Punch biopsy: In a punch biopsy a deeper sample of skin is removed. The doctor uses a tool that looks like a tiny round cookie cutter. Once the skin is numbed, the doctor turns the tool on the surface of the skin until it cuts through all the layers of the skin and takes out a sample of tissue. The edges of the skin are often stitched together.
Incisional and excisional biopsies: If the doctor has to look at a tumor in the deeper layers of the skin, an incisional or excisional biopsy will be done. The skin will be numbed before the biopsy. A surgical knife is used to cut through the full thickness of skin. A wedge of skin is removed, and the edges of the cut are sewn together.
An incisional biopsy removes only part of the tumor. If the whole tumor is removed, it is called an excisional biopsy. Excisional biopsy is most often used when it can be done.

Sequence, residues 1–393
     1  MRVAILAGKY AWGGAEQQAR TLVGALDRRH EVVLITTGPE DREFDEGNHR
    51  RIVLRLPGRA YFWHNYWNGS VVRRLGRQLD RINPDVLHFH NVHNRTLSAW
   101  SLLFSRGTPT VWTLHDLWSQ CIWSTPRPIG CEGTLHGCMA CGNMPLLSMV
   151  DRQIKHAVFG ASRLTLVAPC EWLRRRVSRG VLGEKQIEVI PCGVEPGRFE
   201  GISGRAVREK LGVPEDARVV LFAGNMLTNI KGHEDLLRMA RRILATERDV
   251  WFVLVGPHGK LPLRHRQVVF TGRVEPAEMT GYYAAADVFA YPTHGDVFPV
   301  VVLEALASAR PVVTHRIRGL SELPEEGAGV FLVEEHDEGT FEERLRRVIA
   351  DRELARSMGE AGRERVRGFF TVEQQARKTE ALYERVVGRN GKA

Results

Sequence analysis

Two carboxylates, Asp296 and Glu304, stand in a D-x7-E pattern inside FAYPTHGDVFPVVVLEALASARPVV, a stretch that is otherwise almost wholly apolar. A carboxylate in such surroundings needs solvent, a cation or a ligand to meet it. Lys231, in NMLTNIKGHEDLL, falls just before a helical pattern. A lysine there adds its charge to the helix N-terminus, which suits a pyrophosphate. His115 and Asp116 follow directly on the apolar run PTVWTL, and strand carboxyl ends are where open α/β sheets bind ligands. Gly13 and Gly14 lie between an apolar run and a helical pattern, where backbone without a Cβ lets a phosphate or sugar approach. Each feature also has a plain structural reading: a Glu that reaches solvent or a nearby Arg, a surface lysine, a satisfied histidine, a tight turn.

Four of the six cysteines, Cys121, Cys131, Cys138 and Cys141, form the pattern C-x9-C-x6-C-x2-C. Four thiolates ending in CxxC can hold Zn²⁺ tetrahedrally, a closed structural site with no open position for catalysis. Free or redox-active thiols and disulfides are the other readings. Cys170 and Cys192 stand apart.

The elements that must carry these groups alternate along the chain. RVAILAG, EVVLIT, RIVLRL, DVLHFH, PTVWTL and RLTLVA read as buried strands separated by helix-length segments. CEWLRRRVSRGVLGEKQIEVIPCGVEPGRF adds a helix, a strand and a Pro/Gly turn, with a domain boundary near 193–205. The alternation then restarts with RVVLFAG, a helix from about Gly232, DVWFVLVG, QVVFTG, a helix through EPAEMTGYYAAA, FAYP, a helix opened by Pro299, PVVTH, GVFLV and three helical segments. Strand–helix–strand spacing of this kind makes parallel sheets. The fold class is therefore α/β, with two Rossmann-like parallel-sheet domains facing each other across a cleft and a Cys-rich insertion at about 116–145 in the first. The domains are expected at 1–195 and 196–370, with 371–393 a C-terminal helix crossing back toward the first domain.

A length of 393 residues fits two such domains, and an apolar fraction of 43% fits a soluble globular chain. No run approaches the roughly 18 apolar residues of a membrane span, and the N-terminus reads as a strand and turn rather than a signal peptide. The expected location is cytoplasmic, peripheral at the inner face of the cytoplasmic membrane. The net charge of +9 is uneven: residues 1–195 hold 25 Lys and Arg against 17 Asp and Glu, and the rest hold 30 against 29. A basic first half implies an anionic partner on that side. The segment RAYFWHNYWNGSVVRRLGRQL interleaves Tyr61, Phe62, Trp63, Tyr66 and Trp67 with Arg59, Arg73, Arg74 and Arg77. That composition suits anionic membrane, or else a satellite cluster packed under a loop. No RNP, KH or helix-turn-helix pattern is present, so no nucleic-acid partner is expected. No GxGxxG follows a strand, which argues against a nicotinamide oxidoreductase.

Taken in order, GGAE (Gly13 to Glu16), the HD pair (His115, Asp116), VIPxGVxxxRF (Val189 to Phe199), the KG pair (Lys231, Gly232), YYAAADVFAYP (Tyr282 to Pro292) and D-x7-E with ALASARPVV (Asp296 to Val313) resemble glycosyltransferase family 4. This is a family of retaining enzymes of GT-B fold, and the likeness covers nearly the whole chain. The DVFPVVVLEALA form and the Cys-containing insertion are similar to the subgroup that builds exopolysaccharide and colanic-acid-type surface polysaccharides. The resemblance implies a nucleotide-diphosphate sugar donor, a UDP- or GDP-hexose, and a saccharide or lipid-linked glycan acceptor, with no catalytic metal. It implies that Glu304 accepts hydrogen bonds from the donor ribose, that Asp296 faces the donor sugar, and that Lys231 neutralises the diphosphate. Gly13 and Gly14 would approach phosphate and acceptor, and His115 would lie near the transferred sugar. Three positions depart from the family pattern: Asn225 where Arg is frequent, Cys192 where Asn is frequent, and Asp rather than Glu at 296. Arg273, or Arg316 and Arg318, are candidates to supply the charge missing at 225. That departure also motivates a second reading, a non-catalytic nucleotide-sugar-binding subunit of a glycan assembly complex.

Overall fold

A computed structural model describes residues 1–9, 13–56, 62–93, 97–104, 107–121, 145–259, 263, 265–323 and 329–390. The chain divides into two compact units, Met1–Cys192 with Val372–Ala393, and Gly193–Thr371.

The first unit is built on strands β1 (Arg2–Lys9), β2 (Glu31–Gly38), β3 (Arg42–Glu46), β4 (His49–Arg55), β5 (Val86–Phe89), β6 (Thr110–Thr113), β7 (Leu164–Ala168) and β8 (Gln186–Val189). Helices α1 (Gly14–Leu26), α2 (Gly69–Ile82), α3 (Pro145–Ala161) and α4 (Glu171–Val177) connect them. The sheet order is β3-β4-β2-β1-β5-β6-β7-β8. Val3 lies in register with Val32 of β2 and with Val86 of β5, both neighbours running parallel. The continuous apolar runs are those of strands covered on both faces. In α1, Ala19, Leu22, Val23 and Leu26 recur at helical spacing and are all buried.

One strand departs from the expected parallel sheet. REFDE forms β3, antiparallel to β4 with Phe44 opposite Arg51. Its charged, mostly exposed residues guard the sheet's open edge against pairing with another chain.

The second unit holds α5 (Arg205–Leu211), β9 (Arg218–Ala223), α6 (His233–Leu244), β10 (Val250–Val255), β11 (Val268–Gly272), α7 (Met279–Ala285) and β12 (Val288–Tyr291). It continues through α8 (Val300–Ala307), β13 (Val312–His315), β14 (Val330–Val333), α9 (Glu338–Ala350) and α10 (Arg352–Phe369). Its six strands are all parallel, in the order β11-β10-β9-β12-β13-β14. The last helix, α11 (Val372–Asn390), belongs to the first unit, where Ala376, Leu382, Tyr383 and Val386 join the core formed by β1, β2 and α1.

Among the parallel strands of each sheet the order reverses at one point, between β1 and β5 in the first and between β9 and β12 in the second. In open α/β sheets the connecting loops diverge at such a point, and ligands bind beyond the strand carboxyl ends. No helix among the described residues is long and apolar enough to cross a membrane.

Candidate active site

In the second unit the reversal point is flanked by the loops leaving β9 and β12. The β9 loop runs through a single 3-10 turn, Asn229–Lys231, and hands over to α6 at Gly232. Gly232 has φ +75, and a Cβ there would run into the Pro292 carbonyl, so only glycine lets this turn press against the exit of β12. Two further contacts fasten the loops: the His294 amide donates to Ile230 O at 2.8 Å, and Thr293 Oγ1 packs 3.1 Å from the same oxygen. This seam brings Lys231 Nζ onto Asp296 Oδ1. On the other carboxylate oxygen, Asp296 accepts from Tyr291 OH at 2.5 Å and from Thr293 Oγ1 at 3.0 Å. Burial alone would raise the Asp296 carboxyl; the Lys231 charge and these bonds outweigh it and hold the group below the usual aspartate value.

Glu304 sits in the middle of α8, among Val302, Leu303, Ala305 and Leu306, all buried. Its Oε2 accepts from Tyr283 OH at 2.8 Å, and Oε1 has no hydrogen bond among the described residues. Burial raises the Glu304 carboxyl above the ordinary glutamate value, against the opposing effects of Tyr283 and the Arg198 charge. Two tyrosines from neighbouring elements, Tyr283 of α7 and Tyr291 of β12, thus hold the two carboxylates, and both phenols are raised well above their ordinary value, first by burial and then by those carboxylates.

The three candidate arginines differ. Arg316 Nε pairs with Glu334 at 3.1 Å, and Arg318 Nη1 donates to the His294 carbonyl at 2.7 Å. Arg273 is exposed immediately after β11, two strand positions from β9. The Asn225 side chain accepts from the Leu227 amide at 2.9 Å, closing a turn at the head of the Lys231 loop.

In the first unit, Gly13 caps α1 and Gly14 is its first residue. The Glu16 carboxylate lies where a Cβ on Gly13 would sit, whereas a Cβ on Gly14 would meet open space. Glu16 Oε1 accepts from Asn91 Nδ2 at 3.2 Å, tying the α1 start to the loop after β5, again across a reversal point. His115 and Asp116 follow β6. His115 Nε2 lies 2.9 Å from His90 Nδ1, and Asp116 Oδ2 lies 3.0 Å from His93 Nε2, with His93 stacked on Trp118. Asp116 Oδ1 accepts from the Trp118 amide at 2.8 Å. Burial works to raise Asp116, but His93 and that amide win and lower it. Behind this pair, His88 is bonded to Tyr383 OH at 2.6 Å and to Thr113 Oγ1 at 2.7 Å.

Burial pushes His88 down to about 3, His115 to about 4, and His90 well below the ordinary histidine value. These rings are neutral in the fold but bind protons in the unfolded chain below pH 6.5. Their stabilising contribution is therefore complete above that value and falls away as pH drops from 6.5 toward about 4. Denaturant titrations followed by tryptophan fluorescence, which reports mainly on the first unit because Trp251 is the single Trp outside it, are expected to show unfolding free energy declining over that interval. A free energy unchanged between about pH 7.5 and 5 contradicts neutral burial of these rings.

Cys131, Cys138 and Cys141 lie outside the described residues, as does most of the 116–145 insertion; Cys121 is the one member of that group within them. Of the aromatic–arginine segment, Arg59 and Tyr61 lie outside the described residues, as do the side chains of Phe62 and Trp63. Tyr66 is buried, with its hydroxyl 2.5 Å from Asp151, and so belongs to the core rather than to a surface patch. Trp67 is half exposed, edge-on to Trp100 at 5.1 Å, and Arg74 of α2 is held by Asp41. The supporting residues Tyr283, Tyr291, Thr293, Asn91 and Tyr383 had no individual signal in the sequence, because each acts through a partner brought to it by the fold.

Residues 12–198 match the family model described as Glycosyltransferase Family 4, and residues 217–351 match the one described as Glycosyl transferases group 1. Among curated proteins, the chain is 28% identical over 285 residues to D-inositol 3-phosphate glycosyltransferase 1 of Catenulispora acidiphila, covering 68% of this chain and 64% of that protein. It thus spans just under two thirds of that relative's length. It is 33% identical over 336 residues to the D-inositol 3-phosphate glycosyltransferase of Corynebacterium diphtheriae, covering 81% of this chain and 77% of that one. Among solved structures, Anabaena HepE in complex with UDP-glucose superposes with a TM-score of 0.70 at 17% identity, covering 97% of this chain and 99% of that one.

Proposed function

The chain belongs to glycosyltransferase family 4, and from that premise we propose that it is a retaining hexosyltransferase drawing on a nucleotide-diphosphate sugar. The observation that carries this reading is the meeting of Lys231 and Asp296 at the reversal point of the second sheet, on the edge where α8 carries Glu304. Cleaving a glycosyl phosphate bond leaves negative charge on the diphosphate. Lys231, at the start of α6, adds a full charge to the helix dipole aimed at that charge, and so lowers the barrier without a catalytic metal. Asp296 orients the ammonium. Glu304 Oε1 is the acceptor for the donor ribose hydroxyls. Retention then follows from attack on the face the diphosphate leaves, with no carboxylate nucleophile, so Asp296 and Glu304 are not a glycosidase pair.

Biopsies of melanoma that may have spread
If melanoma has already been found on the skin, nearby lymph nodes or other areas may be biopsied to see if the cancer has spread.
Rarely, some melanomas spread so fast that a person could have cancer in the lymph nodes, lungs, brain, or other places while the first skin melanoma is still small. Sometimes these tumors are found before a spot on the skin is found. In other cases they may be found long after a skin melanoma has been removed, so it’s not clear whether it is the same cancer. In still other cases, metastatic melanoma may be found without ever finding a melanoma on the skin. This may be because some skin lesions go away on their own (without any treatment) after some of their cells have spread to other parts of the body. Melanoma can also start in internal organs, but this is very rare.
If melanoma has spread widely throughout the body, it may not be possible to tell which tumor was the first one. When this happens, melanoma in those organs might be confused with a cancer starting in that organ. For example, melanoma that has spread to the lung might be confused with a cancer that starts in the lung. Special lab tests can be done on biopsy samples to tell whether it is a melanoma or some other kind of cancer. This is important because different treatments are used for different cancers.